He taps his remaining fingers on the table irritably, and I break the silence.
“What you gonna do, Khalil? Pay me in cigarettes and chocolate bars?”
“I have money. In a floor safe at my old office. Take your finder’s fee out of that. Give the rest to Ani.”
“What is there to stop me from scarpering with your loot?”
His hard green eyes soften, momentarily.
“You loved her once, didn’t you?”
The visiting room suddenly feels hot enough to blister paintwork.
“Ok. Give me a week. I’ll find her.”
He collapses back into his orange plastic chair. He looks deflated, but something close to a smile flickers across his dry lips.
Ani is a mess of contradictions: a neat drink in a dirty glass. We were close once upon a time, but she liked the drugs better than she ever liked me, and I walked away.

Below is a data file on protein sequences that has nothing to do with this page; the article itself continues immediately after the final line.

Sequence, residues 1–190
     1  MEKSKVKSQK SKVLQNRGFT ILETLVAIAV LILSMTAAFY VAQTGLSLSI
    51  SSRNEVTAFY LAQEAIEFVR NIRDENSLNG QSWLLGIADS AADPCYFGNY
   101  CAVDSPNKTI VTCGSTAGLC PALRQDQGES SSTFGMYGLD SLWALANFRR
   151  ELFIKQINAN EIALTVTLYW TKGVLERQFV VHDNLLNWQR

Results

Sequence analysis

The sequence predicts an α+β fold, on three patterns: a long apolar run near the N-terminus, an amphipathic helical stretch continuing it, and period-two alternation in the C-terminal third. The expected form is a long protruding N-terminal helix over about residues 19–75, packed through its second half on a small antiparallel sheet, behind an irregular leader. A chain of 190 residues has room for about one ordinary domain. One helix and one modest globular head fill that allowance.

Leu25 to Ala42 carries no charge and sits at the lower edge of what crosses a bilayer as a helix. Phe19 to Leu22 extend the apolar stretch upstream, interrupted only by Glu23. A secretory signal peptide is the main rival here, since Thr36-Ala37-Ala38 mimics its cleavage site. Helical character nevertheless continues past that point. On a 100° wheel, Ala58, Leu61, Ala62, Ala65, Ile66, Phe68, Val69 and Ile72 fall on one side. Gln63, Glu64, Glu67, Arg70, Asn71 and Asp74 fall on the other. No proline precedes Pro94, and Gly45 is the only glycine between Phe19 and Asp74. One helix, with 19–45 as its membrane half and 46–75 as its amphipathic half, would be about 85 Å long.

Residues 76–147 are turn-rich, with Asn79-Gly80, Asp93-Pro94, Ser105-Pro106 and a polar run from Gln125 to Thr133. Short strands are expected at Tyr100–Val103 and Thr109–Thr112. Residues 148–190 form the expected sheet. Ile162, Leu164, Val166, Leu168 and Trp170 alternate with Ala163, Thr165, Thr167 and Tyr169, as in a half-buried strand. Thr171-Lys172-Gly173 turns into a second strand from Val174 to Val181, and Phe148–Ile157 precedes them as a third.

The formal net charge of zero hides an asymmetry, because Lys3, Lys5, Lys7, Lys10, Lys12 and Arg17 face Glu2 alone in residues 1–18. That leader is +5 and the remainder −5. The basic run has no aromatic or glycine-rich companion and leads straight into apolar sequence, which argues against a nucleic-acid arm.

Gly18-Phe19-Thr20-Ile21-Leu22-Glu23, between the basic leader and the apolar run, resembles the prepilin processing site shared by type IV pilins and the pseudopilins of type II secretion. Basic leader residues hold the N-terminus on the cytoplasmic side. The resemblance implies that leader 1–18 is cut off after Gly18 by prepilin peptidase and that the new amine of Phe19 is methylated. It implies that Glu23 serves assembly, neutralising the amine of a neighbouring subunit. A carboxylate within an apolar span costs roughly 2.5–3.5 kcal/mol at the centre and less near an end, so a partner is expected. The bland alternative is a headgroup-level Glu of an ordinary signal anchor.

Khalil barely knew me – certainly didn’t like me – but I wasn’t surprised when he called me from prison. He knows what I do for a living, knows my reputation for violence. I have never used a nail-bomb, but then again, no one has ever burned down my place of work either.
I waited until after dark and then sifted through the ashes that used to be his tax office. The safe was heat-damaged, but intact. The door gave way with a minimal help from my crowbar.
There was £5,000 inside.
I had heard that Ani was working off a drug debt at a club called the Honey Bucket. The place is co-owned by a local businessman called Remy Cornish. I have history with him – none of it pleasant, some of it bloody – but I don’t expect him to be a problem: Remy has been wheelchair-bound since a man named Franco Moretti shot off his kneecaps. In this town violent men call the tune.